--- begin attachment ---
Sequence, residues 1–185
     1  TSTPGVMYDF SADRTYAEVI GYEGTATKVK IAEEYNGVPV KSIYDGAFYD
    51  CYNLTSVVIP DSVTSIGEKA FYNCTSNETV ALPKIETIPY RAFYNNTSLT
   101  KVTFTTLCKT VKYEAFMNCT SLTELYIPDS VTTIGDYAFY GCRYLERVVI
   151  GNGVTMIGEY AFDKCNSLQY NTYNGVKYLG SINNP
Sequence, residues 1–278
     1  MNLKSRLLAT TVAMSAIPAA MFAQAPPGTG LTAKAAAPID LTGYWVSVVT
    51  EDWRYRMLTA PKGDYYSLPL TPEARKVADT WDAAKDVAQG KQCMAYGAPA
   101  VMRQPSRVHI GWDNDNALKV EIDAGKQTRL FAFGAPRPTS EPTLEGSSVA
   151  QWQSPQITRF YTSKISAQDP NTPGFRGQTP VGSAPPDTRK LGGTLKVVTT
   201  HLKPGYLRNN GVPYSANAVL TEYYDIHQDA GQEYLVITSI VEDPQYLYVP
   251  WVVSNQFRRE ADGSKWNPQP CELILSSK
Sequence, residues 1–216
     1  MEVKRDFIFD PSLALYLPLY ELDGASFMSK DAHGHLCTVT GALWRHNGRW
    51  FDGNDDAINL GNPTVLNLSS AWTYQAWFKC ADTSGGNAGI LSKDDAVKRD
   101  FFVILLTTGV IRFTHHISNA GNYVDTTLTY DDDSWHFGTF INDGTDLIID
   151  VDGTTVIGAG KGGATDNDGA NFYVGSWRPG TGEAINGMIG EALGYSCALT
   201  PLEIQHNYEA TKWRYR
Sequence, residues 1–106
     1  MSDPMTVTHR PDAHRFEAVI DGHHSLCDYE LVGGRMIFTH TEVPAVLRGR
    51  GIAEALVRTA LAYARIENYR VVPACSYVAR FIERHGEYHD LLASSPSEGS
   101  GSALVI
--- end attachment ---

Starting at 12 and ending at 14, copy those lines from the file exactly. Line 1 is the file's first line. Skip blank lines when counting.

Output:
   251  WVVSNQFRRE ADGSKWNPQP CELILSSK
Sequence, residues 1–216
     1  MEVKRDFIFD PSLALYLPLY ELDGASFMSK DAHGHLCTVT GALWRHNGRW